- [1540x1927] (Creation)
Level of description
Extent and medium
Name of creator
William Owen-Pughe was born in Llanfihangel-y-Pennant, Merioneth and brought up in a farmhouse called Egryn in Ardudwy. He moved to London in 1776, where he committed himself to the London Welsh community, becoming a member of both the Gwyneddigion Society and the Honourable Society of Cymmrodorion. He was made a Fellow of the Society of Antiquaries and corresponded with many scholarly figures of his day. Like his contemporary 'Iolo Morganwg', who greatly influenced him, Pughe held somewhat idiosyncratic ideas concerning the Welsh language and its origins. His own literary output, however, was prolific and included lexicographical works such as A Grammar of the Welsh Language and A Welsh and English Dictionary (both 1803) and translations such as Coll Gwynfa (1819), a Welsh rendering of Milton's 'Paradise Lost'. He was also principal editor of The Myvyrian Archaiology of Wales (1801-1807) and the short-lived periodical Y Greal (1805-1807) and was a regular contributor to the newspapers and magazine publications of his day. Pughe conducted a close relationship with the writer and prophet Joanna Southcott from around 1803 until her death in 1814. Pughe's son Aneurin Owen was a historical scholar who received much of his early education from his father. He edited Ancient Laws and Institutes of Wales; comprising the Laws ... by Howel the Good ... (London, 1841) and was also a major, though unacknowledged, contributor to the prodigious chronicle Brut y Tywysogion (1860).
Name of creator
Edward Williams (Iolo Morganwg, 1747-1826), stonemason, poet and literary forger, was born 10 March 1747 in Llancarfan, Glamorgan, to Edward Williams (1715-1795), stonemason, and Ann Matthews (1713-1770), and lived for most of his life in Flemingston (or Flimston), Glamorgan, apart from periods spent in London, Kent and elsewhere. His only schooling came from his mother and from the numerous poets who taught him their craft. He worked as a monumental mason and builder. He also tried his hand at various other trades but with little success; he was imprisoned for debt in Cardiff Gaol in 1786. In 1781 Iolo married Margaret Roberts (1749-1827). They had four children, of which two, Margaret (b. 1782) and Taliesin (1787-1847), survived into adulthood. Iolo Morganwg died at Flemingston on 18 December 1826. Iolo had various literary, antiquarian and political interests. He wrote poetry in both Welsh and English, his Poems Lyrical and Pastoral appearing in 1794. He became a Unitarian from about 1797 and wrote many hymns, published in Salmau yr Eglwys yn yr Anialwch (1812, 1827 and 1834). Following the French Revolution he had radical sympathies. However he has become notorious for his forgeries and fabrications. The edition of Dafydd ap Gwilym published in 1789 contained an appendix of additional poems which were in fact written by Iolo. The Myvyrian Archaiology (1801, 1807), of which he was an editor contained many of his fabrications. These forgeries went largely undiscovered until the early twentieth century. His interest in the ancient druids led to his unveiling of the Gorsedd of Bards of Great Britain, which first met on Primrose Hill, London, in 1792. He claimed it to be a miraculous survival from ancient times and it persists as an integral part of the ritual and pageantry of the National Eisteddfod. However it too was invented by Iolo. Following Iolo's death his son Taliesin, a schoolmaster in Merthyr Tydfil, edited his manuscripts and upheld his legacy, apparently completely oblivious to the forgeries.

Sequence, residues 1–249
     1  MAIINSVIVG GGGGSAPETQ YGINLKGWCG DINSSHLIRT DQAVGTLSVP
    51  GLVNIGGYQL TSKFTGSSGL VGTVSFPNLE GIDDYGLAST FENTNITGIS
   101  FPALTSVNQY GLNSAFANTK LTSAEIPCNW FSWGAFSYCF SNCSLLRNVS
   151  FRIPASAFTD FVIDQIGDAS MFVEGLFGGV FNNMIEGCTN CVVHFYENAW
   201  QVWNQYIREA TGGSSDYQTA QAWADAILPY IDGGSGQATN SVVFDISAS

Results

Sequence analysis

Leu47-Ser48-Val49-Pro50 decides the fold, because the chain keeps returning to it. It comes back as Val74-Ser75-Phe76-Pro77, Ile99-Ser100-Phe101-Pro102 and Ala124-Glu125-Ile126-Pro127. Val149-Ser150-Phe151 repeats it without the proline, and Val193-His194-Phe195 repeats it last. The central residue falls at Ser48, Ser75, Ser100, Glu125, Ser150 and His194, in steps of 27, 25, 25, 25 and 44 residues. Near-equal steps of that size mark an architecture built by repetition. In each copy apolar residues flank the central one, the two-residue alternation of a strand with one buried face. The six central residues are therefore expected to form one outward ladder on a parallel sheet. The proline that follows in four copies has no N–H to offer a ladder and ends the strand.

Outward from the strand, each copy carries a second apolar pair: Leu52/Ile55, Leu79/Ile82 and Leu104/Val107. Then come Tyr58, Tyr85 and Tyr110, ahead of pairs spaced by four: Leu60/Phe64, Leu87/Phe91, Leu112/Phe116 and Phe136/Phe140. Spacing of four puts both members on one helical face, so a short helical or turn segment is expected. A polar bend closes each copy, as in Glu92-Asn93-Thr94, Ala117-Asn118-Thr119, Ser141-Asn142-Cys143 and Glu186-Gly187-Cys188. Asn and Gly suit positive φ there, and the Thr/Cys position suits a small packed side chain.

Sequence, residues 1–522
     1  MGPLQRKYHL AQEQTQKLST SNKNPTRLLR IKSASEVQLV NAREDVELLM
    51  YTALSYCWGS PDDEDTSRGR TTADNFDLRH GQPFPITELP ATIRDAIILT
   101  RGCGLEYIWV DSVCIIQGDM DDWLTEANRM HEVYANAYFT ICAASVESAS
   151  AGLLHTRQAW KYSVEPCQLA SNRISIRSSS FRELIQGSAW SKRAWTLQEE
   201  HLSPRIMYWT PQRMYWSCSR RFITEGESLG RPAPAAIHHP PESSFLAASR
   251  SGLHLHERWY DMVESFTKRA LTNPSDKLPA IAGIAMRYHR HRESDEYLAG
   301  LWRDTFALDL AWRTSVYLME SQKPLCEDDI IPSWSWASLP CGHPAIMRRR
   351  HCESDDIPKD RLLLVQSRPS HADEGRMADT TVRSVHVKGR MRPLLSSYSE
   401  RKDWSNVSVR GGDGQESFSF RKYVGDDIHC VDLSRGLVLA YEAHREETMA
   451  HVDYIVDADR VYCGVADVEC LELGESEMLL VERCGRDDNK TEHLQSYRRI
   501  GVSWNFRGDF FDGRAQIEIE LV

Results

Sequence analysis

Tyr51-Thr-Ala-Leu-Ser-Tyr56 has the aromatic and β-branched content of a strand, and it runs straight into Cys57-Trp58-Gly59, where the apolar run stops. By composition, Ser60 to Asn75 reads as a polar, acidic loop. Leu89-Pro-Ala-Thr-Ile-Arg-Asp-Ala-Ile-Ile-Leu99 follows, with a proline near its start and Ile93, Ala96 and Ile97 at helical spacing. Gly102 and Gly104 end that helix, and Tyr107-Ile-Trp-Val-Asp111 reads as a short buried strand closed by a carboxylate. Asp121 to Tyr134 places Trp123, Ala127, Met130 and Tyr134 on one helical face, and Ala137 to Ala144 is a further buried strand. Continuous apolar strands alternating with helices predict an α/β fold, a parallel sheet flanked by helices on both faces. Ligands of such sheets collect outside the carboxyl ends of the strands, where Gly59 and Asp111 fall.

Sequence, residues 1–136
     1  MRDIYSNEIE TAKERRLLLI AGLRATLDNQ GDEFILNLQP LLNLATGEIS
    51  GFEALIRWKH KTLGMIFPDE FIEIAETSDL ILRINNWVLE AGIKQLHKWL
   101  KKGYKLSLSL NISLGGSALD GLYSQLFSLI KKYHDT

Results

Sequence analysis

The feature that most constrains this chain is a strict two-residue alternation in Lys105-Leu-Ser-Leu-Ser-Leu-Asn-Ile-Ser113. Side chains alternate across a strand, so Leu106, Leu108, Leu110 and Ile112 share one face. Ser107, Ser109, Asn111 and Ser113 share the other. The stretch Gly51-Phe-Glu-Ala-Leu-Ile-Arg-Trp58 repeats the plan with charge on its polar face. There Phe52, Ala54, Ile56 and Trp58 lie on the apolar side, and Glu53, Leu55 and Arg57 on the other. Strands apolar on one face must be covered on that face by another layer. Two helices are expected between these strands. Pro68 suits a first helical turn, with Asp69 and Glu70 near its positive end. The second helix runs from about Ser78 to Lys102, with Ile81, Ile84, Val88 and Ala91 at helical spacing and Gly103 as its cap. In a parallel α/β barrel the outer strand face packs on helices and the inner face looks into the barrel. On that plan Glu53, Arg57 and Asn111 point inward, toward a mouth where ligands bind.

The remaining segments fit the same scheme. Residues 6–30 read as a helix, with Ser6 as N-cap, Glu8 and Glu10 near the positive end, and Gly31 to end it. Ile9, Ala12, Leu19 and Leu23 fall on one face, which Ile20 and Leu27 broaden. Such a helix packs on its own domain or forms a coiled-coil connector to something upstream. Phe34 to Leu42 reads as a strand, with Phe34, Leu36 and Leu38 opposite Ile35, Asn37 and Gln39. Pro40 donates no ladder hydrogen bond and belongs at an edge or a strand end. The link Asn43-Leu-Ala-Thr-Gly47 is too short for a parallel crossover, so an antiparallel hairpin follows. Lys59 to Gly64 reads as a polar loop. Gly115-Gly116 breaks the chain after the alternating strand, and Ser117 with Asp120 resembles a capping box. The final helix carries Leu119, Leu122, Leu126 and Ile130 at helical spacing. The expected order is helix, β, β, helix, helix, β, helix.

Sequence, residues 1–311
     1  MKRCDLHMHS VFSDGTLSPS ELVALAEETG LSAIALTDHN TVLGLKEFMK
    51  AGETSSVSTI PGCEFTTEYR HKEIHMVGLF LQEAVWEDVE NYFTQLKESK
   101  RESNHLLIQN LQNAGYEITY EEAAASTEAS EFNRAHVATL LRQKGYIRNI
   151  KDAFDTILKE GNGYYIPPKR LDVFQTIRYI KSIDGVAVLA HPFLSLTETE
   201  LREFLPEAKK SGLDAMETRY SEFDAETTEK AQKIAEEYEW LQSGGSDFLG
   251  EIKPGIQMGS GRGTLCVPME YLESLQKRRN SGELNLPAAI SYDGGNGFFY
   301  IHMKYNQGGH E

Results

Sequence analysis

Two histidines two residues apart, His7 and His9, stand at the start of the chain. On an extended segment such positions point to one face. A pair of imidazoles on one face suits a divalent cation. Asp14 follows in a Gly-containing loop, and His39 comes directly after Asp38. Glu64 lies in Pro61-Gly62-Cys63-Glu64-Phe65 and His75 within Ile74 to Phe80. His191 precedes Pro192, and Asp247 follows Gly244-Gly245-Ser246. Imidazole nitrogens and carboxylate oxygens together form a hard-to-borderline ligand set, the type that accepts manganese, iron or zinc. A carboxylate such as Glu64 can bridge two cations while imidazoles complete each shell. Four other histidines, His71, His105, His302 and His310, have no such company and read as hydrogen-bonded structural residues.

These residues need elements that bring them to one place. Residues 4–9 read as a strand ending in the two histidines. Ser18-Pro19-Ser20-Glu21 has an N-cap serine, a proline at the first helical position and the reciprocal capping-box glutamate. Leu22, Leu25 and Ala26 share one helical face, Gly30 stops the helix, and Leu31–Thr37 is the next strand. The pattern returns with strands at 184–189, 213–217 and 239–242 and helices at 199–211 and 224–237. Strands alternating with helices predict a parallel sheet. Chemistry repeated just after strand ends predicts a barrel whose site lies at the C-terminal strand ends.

Name of creator